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Volume 20 No. 42
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Original YES executives help shape sports media landscape

John Ourand
The thing I remember most about YES Network’s 2002 launch was how unified the cable industry was in rooting for the channel to fail. I’m not sure that I’ve ever seen a launch in any industry that was so detested at the outset.

National cable operators did not want it to succeed, worried that it would start a trend and they would wind up spending more on other teams that would break away from their regional sports networks.
One of the biggest local cable operators, Cablevision, did not want the channel to succeed, as it risked the company’s sports monopoly in the country’s biggest media market.

Programmers did not want it to succeed, worried that YES Network’s high cost — it started at about $2 a subscriber per month — would mean less money for other channels.

I covered the launch as a reporter for cable industry trade publication CableFAX Daily and seemed to field daily calls from distributors across the country that had two things in common: They actively rooted against YES Network, and they were anxious to trade information about the negotiations and how they were going.

There are lots of reasons why the channel succeeded in the face of so much opposition. Obviously, YES likely would not have been successful without the strength of the Yankees brand. But in my mind, a big reason for its success comes down to the strength of the executive team at launch, a group that was filled with cable industry veterans who had the resolve to see the channel through.

As YES Network turns 10, it’s interesting to see where that executive team has gone and the roles they have played in setting sports media trends. If YES Network started the trend of team- and league-owned channels, many members of Leo Hindery’s executive team played a big part in shaping the way sports media looks today once they left YES Network.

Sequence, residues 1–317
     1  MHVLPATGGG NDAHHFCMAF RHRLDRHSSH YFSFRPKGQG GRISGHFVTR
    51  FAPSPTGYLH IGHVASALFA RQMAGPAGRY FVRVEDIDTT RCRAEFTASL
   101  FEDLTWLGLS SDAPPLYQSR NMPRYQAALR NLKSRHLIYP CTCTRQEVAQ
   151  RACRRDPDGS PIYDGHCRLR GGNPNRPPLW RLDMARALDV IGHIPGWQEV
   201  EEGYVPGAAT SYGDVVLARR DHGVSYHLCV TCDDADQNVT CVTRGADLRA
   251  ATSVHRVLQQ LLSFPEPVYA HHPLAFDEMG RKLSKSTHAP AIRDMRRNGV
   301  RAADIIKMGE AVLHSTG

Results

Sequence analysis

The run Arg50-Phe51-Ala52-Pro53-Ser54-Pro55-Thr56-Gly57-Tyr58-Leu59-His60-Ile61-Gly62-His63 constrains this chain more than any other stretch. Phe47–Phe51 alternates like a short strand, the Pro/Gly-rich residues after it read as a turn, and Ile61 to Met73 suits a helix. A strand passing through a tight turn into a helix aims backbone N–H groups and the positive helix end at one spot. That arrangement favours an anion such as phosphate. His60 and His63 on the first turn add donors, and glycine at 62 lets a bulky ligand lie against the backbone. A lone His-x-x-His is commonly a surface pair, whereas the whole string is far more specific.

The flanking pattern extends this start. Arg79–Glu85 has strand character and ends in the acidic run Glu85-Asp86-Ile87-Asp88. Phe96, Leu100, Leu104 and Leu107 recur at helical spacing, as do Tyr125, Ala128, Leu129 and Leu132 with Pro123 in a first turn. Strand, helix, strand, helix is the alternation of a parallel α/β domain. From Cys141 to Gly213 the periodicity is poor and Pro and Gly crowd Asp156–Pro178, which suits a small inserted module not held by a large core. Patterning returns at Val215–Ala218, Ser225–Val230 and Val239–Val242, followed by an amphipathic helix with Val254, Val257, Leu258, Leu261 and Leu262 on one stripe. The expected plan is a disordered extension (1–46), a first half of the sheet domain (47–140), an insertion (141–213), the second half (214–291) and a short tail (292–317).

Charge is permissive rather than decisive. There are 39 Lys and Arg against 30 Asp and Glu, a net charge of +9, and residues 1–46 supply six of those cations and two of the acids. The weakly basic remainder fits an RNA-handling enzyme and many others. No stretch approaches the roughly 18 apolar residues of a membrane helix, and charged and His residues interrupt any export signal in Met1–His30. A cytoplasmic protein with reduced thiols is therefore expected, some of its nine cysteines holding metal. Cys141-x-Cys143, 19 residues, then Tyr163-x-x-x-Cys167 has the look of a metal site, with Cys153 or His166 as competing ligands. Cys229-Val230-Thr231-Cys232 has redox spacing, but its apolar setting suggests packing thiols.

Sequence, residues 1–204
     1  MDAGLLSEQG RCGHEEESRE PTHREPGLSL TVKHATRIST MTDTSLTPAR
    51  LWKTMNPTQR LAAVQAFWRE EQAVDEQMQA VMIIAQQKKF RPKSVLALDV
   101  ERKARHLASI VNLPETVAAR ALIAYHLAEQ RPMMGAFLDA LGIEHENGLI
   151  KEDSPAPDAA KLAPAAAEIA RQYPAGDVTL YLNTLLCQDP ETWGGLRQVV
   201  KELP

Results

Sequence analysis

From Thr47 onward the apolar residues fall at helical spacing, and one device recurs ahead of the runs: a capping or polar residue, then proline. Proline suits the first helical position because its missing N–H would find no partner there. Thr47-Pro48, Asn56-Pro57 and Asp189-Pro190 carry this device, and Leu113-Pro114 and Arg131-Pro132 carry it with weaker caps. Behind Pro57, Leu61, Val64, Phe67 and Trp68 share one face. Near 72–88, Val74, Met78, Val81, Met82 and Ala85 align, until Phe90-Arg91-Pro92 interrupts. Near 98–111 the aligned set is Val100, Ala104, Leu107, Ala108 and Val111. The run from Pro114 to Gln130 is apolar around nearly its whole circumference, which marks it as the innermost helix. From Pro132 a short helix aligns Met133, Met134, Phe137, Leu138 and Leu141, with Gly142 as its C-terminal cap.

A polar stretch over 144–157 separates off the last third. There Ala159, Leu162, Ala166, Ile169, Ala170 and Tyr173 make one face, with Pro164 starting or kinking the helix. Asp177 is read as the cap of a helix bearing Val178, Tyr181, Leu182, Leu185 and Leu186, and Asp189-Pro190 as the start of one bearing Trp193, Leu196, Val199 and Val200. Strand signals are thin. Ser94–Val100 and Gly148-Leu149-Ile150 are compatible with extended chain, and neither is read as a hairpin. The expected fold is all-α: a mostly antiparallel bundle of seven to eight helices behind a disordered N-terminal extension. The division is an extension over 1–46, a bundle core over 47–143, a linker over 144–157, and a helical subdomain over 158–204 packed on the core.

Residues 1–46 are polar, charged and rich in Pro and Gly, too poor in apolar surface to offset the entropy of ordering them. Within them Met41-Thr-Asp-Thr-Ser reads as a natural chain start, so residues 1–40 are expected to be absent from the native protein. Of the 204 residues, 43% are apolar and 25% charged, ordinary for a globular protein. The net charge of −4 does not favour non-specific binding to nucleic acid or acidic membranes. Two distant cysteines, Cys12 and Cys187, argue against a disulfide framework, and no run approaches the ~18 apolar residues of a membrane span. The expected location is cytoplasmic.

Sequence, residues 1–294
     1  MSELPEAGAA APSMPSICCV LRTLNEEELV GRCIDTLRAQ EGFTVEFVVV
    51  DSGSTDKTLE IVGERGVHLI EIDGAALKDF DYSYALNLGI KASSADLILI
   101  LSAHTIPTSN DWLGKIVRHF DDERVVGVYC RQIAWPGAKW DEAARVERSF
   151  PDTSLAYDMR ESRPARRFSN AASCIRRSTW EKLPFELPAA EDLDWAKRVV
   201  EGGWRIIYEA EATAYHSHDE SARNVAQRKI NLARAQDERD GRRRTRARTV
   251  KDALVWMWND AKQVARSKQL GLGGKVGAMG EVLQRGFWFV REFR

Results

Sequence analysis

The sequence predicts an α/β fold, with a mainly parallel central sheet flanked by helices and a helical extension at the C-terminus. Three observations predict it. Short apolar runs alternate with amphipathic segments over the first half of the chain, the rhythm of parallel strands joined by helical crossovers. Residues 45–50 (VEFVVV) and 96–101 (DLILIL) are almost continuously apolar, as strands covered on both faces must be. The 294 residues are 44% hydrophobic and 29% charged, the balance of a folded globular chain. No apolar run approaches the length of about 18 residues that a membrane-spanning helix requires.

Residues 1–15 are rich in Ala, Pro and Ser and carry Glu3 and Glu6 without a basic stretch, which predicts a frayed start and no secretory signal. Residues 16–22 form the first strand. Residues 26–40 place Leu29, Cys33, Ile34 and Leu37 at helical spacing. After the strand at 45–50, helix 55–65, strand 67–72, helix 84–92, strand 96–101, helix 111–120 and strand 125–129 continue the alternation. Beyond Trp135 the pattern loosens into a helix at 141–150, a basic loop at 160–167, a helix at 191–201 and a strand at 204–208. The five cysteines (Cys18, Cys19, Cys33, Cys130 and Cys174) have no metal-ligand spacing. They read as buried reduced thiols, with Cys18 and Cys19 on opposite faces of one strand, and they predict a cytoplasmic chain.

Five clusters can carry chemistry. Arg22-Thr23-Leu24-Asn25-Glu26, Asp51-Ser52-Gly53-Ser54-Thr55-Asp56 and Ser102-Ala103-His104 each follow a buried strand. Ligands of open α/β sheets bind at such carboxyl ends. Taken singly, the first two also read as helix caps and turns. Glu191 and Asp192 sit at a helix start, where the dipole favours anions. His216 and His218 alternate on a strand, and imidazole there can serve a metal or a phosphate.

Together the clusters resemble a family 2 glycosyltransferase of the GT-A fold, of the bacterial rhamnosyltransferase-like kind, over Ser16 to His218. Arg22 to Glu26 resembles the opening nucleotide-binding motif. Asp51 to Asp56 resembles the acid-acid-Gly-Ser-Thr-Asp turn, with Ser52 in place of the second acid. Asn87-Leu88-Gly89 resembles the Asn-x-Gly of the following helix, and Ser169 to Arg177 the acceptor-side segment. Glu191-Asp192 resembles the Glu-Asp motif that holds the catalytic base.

Hindery led the group at the time as YES Network’s chairman and CEO. He was the most visible executive and proved to be a lightning rod for criticism about the channel. If cable operator executives hated YES Network, they felt betrayed by Hindery, whom they previously had viewed as one of their own. After all, Hindery ran the biggest cable operator in the 1990s, Tele-Communications Inc., where he actively worked to keep programming costs down.

Hindery left the channel in April 2003, soon after it signed a carriage deal with Cablevision. He’s now chairman of InterMedia Partners, a private equity company that invests in sports channels like Magic Johnson’s Aspire, The Sportsman Channel and Universal Sports.

Hindery took a lot of his YES Network team with him to InterMedia, including general counsel Mark Coleman, finance vice president Jerry Letter, executive vice president of operations Craig Fischer and executive vice president of communications Bob Davis.

Others on Hindery’s YES Network team moved to the distributor side, where they have stayed in the middle of the expansion of league- and conference-owned channels that followed YES. Hindery’s top lieutenant at YES was Derek Chang, who has spent the past six years trying to keep programming costs down as executive vice president of content strategy and development for DirecTV. Under Chang’s leadership, DirecTV was the first distributor to cut deals with new networks such as Big Ten Network and MLB Network.

Hindery’s top distribution executive was Matt Bond, who left YES Network late in 2002, before the Cablevision deal was finalized. Bond became executive vice president of programming at the country’s largest cable operator, Comcast, where he led negotiations with programmers and signed carriage deals with NFL Network and Big Ten Network.

Bond is now back on the programming side as executive vice president of content distribution for NBC Universal.

One executive on Bond’s current team is Dana Zimmer, who was senior vice president of distribution at YES Network. She left in 2004, when Comcast hired her to help launch another RSN, SportsNet New York, in the New York market.

Hindery hired David Krone as executive vice president of marketing. He left to become a top lobbyist for the National Cable Telecommunications Association and, later, Comcast. He’s now chief of staff for Sen. Harry Reid (D-Nev.).

YES Network’s current president, Tracy Dolgin, worked on YES’s behalf in the early years with the investment bank Houlihan Lokey. YES hired him in 2004 as president and CEO.

The guile and fortitude these executives showed at the infancy of YES Network is one reason why so many team- and league-owned sports channels exist today.

John Ourand can be reached at Follow him on Twitter @Ourand_SBJ.